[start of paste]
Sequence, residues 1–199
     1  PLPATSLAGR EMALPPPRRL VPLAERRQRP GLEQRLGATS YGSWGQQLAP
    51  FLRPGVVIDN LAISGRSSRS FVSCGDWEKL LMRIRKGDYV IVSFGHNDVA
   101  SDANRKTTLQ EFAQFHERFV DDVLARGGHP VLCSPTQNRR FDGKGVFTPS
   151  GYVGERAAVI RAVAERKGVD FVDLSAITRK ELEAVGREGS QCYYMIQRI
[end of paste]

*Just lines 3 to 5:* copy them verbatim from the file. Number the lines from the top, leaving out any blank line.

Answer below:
    51  FLRPGVVIDN LAISGRSSRS FVSCGDWEKL LMRIRKGDYV IVSFGHNDVA
   101  SDANRKTTLQ EFAQFHERFV DDVLARGGHP VLCSPTQNRR FDGKGVFTPS
   151  GYVGERAAVI RAVAERKGVD FVDLSAITRK ELEAVGREGS QCYYMIQRI